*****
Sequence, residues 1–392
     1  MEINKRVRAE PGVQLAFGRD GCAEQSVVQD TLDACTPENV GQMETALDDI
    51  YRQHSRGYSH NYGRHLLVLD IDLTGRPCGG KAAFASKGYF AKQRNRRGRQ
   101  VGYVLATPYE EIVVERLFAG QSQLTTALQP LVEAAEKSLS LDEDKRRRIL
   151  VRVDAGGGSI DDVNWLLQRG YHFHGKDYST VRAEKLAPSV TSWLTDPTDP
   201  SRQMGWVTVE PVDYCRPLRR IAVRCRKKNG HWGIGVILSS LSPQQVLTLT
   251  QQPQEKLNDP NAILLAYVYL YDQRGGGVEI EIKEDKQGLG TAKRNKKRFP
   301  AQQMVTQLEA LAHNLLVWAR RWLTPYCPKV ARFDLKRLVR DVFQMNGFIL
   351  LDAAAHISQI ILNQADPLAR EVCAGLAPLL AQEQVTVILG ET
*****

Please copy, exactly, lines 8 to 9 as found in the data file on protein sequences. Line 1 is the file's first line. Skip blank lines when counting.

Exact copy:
   301  AQQMVTQLEA LAHNLLVWAR RWLTPYCPKV ARFDLKRLVR DVFQMNGFIL
   351  LDAAAHISQI ILNQADPLAR EVCAGLAPLL AQEQVTVILG ET